According to Fisher, in May 1941 Barkas gave the Magic Gang their first big job - to conjure up camouflage paint. The team soon discovered a huge warehouse of abandoned material outside Cairo. Flour, cement and plaster formed the bulk of the paint recipe. Rancid Worcester sauce would provide the base. Stewed camel dung would supply the appropriate pigment. Maskelyne set up the ‘dung patrol’ which began scavenging for fresh droppings around Cairo. His men manufactured two thousand gallons a week of this strange brew.
This is an amusing anecdote of ingenuity in the face of shortages, but is it an example of poop fiction?
Initially, I found it plausible, but Hartcup tells a similar story about Peter Proud at Tobruk: “Ten tons of useless Italian flour made an effective adhesive with which to apply sand to vehicles and tents to make them inconspicuous. Two thousand gallons of Worcester sauce unfit for human consumption were used to thin paint.”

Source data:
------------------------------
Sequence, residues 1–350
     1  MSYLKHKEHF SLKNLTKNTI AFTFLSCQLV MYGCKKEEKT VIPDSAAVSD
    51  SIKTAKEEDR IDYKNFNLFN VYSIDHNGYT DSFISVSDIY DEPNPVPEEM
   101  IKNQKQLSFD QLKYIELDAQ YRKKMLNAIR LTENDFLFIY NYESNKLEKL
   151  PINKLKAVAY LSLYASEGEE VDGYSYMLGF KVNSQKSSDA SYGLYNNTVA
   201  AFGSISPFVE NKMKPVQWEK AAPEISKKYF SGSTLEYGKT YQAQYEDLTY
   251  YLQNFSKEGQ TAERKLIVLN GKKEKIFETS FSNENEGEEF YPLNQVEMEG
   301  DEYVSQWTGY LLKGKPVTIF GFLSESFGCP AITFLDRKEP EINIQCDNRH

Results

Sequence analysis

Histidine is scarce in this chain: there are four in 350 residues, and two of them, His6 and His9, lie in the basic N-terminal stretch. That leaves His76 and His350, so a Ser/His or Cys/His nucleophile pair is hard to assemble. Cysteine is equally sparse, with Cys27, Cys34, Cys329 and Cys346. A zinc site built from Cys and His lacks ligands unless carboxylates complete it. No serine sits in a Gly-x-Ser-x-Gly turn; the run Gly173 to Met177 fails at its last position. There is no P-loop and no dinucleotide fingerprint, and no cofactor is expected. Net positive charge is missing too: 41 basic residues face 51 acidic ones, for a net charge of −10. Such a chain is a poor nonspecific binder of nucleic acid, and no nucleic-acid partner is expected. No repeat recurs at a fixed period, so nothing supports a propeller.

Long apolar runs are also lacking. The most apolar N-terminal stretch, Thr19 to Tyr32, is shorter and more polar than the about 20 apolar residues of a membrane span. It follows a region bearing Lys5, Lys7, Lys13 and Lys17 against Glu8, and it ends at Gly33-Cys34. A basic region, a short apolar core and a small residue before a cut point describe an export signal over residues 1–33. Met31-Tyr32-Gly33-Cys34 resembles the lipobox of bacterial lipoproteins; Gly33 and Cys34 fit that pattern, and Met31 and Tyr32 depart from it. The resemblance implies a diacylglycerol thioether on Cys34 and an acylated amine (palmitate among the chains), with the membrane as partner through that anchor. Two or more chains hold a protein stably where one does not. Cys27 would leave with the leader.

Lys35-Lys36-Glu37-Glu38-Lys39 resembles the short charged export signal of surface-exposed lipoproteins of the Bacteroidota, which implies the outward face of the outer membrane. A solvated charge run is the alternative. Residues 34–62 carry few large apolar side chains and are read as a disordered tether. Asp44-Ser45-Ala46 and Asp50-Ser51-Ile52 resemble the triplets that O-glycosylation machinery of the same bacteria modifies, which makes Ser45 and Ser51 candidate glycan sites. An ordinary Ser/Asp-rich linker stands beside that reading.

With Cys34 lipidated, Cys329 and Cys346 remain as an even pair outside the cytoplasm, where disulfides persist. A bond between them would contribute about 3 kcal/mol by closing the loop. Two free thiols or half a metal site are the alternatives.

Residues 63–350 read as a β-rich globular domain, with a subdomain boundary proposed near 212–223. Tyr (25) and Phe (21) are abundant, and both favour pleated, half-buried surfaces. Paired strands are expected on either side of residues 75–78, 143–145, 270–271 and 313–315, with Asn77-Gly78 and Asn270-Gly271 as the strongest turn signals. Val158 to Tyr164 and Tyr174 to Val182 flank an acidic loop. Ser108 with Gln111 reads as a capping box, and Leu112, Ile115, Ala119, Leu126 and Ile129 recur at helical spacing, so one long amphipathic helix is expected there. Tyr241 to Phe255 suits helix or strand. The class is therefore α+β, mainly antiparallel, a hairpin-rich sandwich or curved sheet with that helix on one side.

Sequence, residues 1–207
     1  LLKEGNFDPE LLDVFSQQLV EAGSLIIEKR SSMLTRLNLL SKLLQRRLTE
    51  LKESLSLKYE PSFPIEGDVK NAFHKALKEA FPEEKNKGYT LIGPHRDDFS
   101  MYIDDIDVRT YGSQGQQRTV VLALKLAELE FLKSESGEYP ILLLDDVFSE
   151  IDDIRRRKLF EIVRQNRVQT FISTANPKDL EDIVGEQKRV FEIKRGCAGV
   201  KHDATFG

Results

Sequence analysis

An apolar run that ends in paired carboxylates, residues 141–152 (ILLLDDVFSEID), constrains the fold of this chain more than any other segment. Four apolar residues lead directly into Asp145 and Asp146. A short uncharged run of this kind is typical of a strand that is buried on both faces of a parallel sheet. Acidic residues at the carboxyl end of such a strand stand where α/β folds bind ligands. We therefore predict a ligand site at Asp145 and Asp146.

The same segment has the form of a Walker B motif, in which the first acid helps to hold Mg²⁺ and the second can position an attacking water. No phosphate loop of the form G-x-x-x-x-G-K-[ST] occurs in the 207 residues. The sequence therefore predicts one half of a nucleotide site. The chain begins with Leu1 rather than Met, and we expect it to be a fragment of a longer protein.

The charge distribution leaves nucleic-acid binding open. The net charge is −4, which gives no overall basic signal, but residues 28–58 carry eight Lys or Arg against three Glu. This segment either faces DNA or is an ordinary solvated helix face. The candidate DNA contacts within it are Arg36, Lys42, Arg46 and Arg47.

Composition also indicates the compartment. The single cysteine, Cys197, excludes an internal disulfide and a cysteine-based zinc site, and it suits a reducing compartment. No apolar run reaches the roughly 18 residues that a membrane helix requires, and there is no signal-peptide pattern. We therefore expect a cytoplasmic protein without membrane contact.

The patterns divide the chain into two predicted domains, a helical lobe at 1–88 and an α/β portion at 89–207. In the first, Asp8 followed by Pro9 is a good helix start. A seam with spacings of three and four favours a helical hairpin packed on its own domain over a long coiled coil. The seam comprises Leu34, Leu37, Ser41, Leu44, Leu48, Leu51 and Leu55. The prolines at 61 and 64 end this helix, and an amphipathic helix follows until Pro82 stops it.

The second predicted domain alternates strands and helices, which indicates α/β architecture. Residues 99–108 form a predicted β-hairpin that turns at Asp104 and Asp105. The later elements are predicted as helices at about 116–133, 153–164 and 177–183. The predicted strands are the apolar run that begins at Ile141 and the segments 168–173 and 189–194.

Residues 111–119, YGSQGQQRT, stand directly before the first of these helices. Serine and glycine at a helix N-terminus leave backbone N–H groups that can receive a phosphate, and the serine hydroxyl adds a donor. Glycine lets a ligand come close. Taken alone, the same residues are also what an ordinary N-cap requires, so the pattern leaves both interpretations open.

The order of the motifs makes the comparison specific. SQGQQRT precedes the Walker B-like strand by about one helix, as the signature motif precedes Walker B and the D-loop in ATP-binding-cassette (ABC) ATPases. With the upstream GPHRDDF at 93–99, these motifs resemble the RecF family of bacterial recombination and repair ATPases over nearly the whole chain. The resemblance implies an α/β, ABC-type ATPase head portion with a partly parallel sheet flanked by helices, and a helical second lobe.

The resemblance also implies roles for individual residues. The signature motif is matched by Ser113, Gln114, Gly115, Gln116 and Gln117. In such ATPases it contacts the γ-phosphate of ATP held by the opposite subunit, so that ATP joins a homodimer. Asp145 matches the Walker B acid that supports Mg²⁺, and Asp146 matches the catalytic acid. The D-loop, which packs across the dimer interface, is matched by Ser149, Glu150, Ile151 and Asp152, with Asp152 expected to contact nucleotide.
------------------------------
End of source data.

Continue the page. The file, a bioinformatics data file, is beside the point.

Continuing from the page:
Have the two anecdotes been confused?
Camouflage paint was in demand. In May 1941, a valuable consignment of tanks arrived in Alexandria. The convoy had been sent on the dangerous direct route across the Mediterranean. The new tanks needed painting, camouflaging and refitting. It took a month to get them ready for the desert conditions, in time for Battleaxe.
Fisher ties in the dung patrol tale (anecdotal) with the tank convoy story (authentic), but I suspect he is inventing this link. There is no evidence that Maskelyne’s men were given the task of painting these new tanks. The archive report does not credit the Camouflage Experimental Section with the manufacture of makeshift camouflage paint. The army recipes in the appendix seem to be inspired by the Proud method: sand, grit, glue, condemned flour, linseed oil or kerosene. There is no reference to camel dung.
Besieged enclaves like Tobruk relied on improvised paint recipes, but depots around Alexandria and Cairo held sufficient stocks of camouflage paint. New tanks would not have been adorned with foul smelling camel faeces.
Magic–Top Secret places the tale of the ‘dung column’ later in the campaign and makes no reference to tanks.
The dung camouflage is a wonderful story. If only it were true…Perhaps someone somewhere experimented with camel dung pigment and the legend grew. Blame it on a tainted sauce.